Political Wrap: Judicial Nominees, Stem Cell Research

Political analyst Cokie Roberts discusses issues dividing Congress, including the expected showdown in the Senate over judicial filibusters and debate over stem cell research in the House. Some polls show congressional approval ratings at the lowest they've been in years.

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STEVE INSKEEP, host:

The US Congress faces two major battles this week: judicial nominations in the Senate and stem cell research in the House. And as these debates proceed, some polls show congressional approval ratings at the lowest level they've been in years. NPR political analyst Cokie Roberts is covering all this and joins us now, as she does every Monday.

Good morning.

COKIE ROBERTS (NPR Political Analyst): Good morning, Steve.

INSKEEP: Let's start with this battle over judicial nominees and the possibility of filibusters against some judicial nominees. What has happened to the people who were seeking a compromise?

ROBERTS: Well, they're still at it and they apparently had telephone conversations over the weekend, but they say the deadline really of figuring this all out would be tonight. And it's very hard to do, to come up with the right language. But, you know, to show you how different things are in the Senate than they were in the days of old, Steve, you had this weekend Chuck Hagel, a moderate from Nebraska, on the stump against his colleague, the Democratic senator from Nebraska, Ben Nelson. Elizabeth Dole, the chairman of the Republican Campaign Committee, was in Nebraska spurring on Chuck Hagel to hold tough on changing the filibuster rules.

But more important than that was the fact that Hagel was there in the first place. In the old days, you did not have senators of the same state campaigning against each other. These are two men who have to work together every day in the Senate for their state. They basically agree on much more than many people in the same party agree on, but still they're ready to campaign against each other. And in an atmosphere like that, it's very hard to see where people have trust for a compromise plan. You add to that the fact that the party leaders are not particularly interested in compromise. Outside groups are jumping all over anyone who even thinks about compromise. It makes it very hard to get things done.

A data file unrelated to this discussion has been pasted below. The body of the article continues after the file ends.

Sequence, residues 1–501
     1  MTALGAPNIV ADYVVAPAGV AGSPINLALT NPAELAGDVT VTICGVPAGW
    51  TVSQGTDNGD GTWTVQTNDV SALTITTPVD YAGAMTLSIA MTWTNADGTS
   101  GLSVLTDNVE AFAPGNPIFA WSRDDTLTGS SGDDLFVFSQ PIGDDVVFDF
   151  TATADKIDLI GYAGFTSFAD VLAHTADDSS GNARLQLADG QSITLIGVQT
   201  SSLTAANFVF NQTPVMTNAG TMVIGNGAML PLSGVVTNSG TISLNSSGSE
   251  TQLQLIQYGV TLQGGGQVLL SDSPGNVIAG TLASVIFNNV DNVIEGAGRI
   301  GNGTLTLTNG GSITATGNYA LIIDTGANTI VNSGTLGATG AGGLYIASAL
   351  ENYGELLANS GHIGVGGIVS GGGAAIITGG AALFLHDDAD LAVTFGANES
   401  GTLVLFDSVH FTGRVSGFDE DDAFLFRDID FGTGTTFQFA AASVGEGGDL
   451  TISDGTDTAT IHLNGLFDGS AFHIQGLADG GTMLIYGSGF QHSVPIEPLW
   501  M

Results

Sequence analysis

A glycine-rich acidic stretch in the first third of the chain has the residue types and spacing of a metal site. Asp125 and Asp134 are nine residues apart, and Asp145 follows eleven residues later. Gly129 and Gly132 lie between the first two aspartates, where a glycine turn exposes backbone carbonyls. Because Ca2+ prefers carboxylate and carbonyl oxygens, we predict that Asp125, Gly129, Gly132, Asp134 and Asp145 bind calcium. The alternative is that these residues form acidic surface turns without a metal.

And both parties, Steve, are feeling somewhat unhappy. Democrats think that they could lose and they are worried that the principle is more important than the political fight. Republicans also worry about those things, but they also worry about the politics. You know, the country tends to punish any party that appears to be overreaching, and the Democrats learned that in the congressional elections of 1994 when the Republicans took over the House and Senate. The Republicans learned it in the congressional elections of 1982 when they lost 26 seats and the Democrats started down the path of retaking the Senate. And you combine what's going on on these judicial nominations with the Social Security plans that are still very unpopular coming out of the White House, it could be a tough election year next year for Republicans.

INSKEEP: Well, let's move from this issue that's caused such bitter divisions between the parties to an issue that causes some division within the parties. On the House side, Republicans are moving forward with a divisive vote on stem cell research. How does that affect what they're trying to do overall?

ROBERTS: Well, it's interesting because they think they now have the votes on a bill that says you can use embryos that would otherwise be thrown out of fertility clinics. And it's surprising that they have those votes because it is a big split in the House Republican Caucus, and President Bush has threatened to veto a stem cell bill if it comes to him, which would be his first veto if that happens.

INSKEEP: Do the Republican divisions on that particular issue have any affect at all on what has been, up to now, the united Republican front supporting their majority leader, Tom DeLay?

ROBERTS: Well, what's happened is that the Tom DeLay situation has disheartened them. The Republican leaders think that they have something they can take home to the voters. They've voted on bankruptcy, they've voted on class action. They think they'll get a highway bill, maybe an energy bill but that it's all been drowned out by the fights over stem cells and the scandals surrounding Tom DeLay and what's going on in the Senate. And they look at polls showing that the approval rating is down for the Congress, as you said, and the only thing that heartens them is that both parties are suffering in public opinion.

INSKEEP: Thanks very much. That's NPR News analyst Cokie Roberts.

You're listening to MORNING EDITION from NPR News.

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